On Nkandla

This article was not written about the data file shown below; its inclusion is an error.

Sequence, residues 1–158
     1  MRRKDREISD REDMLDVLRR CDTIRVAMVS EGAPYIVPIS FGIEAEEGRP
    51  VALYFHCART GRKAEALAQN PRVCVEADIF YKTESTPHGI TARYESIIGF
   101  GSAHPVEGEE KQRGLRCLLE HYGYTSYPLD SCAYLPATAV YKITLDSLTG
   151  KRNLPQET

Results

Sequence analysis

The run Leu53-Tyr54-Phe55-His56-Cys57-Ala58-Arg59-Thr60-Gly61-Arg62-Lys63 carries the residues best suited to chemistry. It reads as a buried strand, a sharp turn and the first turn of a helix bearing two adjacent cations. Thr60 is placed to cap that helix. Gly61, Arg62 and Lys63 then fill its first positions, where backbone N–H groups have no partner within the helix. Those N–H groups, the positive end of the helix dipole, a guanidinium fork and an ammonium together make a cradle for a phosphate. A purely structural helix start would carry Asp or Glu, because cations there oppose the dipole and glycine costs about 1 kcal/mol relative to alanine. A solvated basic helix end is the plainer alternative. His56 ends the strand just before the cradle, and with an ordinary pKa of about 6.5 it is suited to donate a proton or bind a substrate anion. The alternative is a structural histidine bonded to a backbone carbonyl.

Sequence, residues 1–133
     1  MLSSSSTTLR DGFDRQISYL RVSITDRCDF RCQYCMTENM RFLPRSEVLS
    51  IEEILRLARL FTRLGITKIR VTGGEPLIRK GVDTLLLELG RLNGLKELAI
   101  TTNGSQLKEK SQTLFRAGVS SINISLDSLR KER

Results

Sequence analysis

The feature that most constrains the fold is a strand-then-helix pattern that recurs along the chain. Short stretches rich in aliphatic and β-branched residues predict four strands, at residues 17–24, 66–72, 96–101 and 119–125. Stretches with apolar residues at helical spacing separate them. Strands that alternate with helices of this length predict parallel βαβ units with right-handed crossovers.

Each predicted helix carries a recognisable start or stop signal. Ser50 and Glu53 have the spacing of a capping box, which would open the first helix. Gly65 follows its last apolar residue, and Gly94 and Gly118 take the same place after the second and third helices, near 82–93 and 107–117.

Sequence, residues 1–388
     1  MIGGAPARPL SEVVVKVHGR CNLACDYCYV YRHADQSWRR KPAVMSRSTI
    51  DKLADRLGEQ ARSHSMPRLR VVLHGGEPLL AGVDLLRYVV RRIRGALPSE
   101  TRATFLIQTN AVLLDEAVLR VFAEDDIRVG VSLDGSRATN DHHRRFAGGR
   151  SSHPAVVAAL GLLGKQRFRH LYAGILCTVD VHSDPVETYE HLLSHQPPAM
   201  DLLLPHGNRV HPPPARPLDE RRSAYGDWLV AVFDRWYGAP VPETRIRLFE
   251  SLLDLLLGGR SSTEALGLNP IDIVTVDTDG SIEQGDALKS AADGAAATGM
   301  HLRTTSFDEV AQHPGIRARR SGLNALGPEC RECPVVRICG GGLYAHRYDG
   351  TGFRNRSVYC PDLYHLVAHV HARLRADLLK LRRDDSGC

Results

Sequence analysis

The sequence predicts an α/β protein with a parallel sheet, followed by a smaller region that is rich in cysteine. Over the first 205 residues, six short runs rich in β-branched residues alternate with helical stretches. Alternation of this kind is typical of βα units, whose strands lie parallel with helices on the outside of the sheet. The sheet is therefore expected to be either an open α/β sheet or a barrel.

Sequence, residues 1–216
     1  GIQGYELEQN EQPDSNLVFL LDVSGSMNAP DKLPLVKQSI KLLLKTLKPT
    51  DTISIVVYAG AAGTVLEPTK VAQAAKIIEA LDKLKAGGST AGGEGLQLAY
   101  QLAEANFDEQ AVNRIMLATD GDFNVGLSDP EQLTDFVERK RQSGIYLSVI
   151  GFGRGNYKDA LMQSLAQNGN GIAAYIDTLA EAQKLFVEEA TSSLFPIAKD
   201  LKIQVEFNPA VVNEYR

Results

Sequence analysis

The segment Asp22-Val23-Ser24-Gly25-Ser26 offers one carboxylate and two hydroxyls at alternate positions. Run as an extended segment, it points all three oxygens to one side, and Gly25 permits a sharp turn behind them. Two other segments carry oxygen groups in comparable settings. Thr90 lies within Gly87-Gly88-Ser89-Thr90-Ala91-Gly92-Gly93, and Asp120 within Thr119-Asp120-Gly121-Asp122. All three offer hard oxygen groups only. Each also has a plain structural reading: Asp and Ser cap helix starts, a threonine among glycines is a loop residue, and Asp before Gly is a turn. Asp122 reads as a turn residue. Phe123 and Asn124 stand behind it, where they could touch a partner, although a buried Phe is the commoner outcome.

This blog first appeared in The Mercury on Monday 17th February 2014 I have been reluctant to weigh in on Nkandala. This is simply because politics is not my heartland as a writer; I prefer tackling issues that matter. But the more I learn about this scandal the clearer it becomes that the President’s pad is as much an issue of values as politics. And values do matter to me. To date the Presidency, the media and opposition parties have focused on whether or not the security upgrades to his property are a) permissible in terms of what ought to be spent on a President’s house b) whether the upgrades demonstrate corruption on behalf of the President or his people and c) whether or not the upgrades were in fact security related. In short, we have been focusing on the ‘how’ rather than the ‘why’; specifically we have been focusing on whether he has abused his position of power to procure – or have his people procure – significant improvements to his personal home-stead. But perhaps the even more interesting question is ‘why’? Why does Jacob Zuma – or anyone for that matter – need a home of such extraordinary worth? This is a values question not a political one. I must say that if I were a sitting duck – I mean President – with R206 million worth of heat under my rear end, I too would be encouraging the nation to focus on the ‘how’ – particularly if I was adept at avoiding corruption charges. What I would not want – just months before an election – would be for anyone to start questioning the why; my values. In a nation plagued with poverty that would be really dangerous. Here’s the point: we the people of South Africa should flatly refuse to permit Jacob Zuma – or anyone else for that matter – to lead our country when they have a personal property worth – at the very least – R206 million. It is indefensible – even by an ardent capitalist like me – that a President presiding over a nation whose key priority challenges are poverty, inequality and unemployment, has a personal homestead worth this extraordinary amount of money. And bear in mind that R206 million is not the value of the house by any stretch; it is just the value of the security upgrades. Now for the purposes of this piece it matters not how he came to have such a lavish home; whether taxpayers money was misappropriated or not. What matters is that our leader has the kind of values that allow him to be commander-in-chief of a poverty-wracked nation whilst living in a home worth an utterly unconscionable amount of money. His recent interview with The Sunday Tribune on the topic demonstrated the fact that his moral retina is now irreparably detached. He did not feel the need to defend such gross excess at all. He actually went on the offensive saying that the criticism of Nkandla was unfair. He then explained that we are all “misinformed”. That’s right; we are misinformed about the fact that our President has a medium sized village as a personal home. He has entirely missed the point: “The point Mr President – is why do you have it at all? You have completely lost touch – not only with your people – but with the real issues of life in South Africa.” How can we trust a man with such values? How can we possibly vote for a leader who has this little regard for his people? Now I am certain that this piece will be interpreted by some as a none-too-subtle pre-election leg-up for opposition parties. That assessment could not be further from the truth; at this point I personally cannot find a single political party worth my X; our politics is currently not just third world but childlike. All I know is this; whether the leader’s name was Cameron, Obama, Zille or Zuma I would be unable to vote for a person who paraded wealth in front of a poverty-wracked nation to the extent that President Jacob Zuma has with Nkandla. The simple reason for this is that if these are the values – heartless and utterly self-serving – that he is applying in his personal life, we can safely assume that the same values are being applied in his running of our country. I will end with a prediction that is safe as houses as history has proved it time-and-time again: This man – who so callously and indiscriminately parades wealth in front of millions of unemployed, poor and hopeless people – will sooner or later be tossed onto the scrapheap of South African history. Justin Foxton is founder of The Peace Agency. This column is dedicated to the memory of 17 year old Anene Booysen: gang raped, mutilated and murdered.